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Watch Liars Pay Tribute to Sci-Fi in ‘From What the Never Was’ Video

Music video is the third in a trilogy

Liars have released a music video for their latest single, “From What the Never Was.” The video, directed by filmmaker Clemens Habicht, is an homage to iconic sci-fi films.

The clip is the third in a trilogy directed by Habicht for Liars’ upcoming album, The Apple Drop, out August 6th via Mute. It sees band members Angus Andrew, Laurence Pike, and Cameron Deyell traversing deep space when the mission goes terribly wrong.

“In preparation for the video, I went back to the ‘Sekwar’ cave to map it three-dimensionally,” Andrew explained in a statement. “Instructed by a digital artist in NYC (Dan Moore), I strapped a 360-degree camera to my head and paced the lengths of the caves interior. The resulting data was transformed into a wireframe model and featured as a hologram in ‘FWTNW.’ The caves positioning right beneath another location manifests the premise of the song. Youre in the ‘same spot’ but understanding it from a completely new perspective. My experience in revisiting that space alone was both psychologically informative and disturbing. The slow, methodical steps required to document the dark depths of the caves interior invited the company of bats and of fear.”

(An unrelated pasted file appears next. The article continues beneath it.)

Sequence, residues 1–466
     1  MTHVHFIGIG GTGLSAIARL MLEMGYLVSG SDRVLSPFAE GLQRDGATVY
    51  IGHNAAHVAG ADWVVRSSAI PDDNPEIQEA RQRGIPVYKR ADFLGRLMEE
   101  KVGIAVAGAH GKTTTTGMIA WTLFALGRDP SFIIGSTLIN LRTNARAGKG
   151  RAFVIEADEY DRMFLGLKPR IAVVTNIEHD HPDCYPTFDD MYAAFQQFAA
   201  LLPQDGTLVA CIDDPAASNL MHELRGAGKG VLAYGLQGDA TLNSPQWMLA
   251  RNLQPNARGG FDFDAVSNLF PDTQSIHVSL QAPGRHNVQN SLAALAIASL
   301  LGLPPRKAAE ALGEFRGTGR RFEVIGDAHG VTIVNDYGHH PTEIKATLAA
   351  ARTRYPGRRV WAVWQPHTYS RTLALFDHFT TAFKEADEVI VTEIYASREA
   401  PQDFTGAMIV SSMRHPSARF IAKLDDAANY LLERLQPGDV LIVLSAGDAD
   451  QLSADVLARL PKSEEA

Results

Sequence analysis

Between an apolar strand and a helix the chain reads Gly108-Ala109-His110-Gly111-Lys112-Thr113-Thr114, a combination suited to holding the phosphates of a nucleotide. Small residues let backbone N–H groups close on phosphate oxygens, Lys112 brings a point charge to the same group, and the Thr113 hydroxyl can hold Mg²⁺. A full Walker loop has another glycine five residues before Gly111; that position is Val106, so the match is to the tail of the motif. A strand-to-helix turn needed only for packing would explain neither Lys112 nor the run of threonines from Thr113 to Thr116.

Habicht added, Angus and his crew are subjected to the traumas and melodramas of classic sci-fi tropes, brutalized by the sadism of scenes from films I think I was probably way too young to have seen as a kid. Only Liars would entertain and embrace my trepanning fantasies.”

Liars have previously released two songs from The Apple Drop, “Sekwar” and “Big Appetite,” which have connected thematic music videos. The “From What the Never Was” acts as prequel to those clips.

“I’ve always been a big fan of sci-fi,” Andrew recently told Rolling Stone. “I never thought I would make a sci-fi record; I don’t think this is, but I certainly was influenced by ideas of space travel and wormholes and dimensions and that sort of stuff. … I wanted to imagine the work as — not like a movie, but I wanted to write in a way that was like a screenplay. Just so that I could imagine how I was going to move the listener through the record.”

From Rolling Stone US